“Two Js [the main character, named Jaycen ‘Two Js’ Jennings] ain’t nothing like me,” Snoop Dogg says of his work in the film directed by Charles Stone III. “He’s more like my coach, K. Matt, my defensive coordinator, who was very vulgar, aggressive, passionate, but it was a message behind all of the words that he used and he was my Batman to my Robin. So, I took a lot of his inspiration and put it into my character because Snoop Dogg was kind, he’s gentle. I’m a father, I’m a role model. I’m all of that for the kids, and certain kids you can’t talk to like that. And that’s the side of being a real coach. You have to know which kids and which players can accept that and then which players and kids you have to know how to talk to in a different manner to speak their language.”

This isn’t just something that Snoop Dogg is just blowing smoke about. Since the Snoop Youth Football League was founded in 2005, they’ve had over 60,000 kids participate in their program, which includes cheerleading. A couple dozen of those players have gone on to the NFL. Most recently, Houston Texans rookie quarterback C.J. Stroud is the most visible proud alum of the league, something that Snoop Dogg talks about with much joy.

“C.J. is like the perfect example of every kid in my league that makes it to the league. They’re usually not the best player on their team at that time, but they’re the best kid on the team at that time and they understand what’s before them and they haven’t peaked out,” the 52-year-old explained to a roundtable of sportswriters. “C.J. was always calm, he was always a field general, he was always a leader. And he led by the way he moved, the way he conducted himself. No drugs, no partying and no criminal activity, none of that. But he comes from that.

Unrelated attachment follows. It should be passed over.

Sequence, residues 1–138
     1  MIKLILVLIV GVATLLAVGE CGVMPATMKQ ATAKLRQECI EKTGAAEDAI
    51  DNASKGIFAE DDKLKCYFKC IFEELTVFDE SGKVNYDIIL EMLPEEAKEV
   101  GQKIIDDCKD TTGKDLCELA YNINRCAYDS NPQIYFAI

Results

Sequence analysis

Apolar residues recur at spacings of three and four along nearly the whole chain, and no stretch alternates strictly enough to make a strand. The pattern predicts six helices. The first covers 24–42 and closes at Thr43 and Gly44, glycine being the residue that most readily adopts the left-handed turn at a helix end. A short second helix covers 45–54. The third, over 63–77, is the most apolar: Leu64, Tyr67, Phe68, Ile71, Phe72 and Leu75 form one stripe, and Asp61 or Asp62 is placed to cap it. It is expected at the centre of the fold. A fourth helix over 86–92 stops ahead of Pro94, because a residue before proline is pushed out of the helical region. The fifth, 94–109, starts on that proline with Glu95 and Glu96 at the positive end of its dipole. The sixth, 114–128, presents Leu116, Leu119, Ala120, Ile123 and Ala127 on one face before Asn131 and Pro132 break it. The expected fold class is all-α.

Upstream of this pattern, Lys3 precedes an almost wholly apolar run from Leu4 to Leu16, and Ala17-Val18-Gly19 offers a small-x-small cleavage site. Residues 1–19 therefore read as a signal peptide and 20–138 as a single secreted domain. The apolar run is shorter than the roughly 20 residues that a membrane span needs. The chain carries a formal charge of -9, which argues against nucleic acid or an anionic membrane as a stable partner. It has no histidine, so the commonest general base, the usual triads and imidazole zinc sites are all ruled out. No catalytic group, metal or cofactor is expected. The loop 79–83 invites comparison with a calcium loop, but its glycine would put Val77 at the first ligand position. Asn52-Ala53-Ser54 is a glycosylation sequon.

“So how do we separate? We have to find something we love and we have to find people that can inspire us. Coach Superfly in my league was the coach who identified C.J. and dealt with him personally. He deserves a lot of credit because he deals with these kids on a day-to-day basis and he coaches them up. And that’s what I love about my league, is that I get a lot of the credit, but it’s the intricacies of these coaches who do that groundwork who go make sure that these parents have food and money to get by and make sure that these kids are staying the course on school and making sure their grades are way above average, because they know that they’re up against the gun. So you can’t just have an average, you got to be way above average.”

Rapper Snoop Dogg (back row) attends an afterparty with (from left to right) Jonigan Booth, Alexander Gordan, Adan James Carrillo, Caleb Dixon, Kylah Davila and Shamori Washington following the world premiere of The Underdoggs at The Culver Studios on Jan. 23 in Culver City, California.

Eric Charbonneau/Getty Images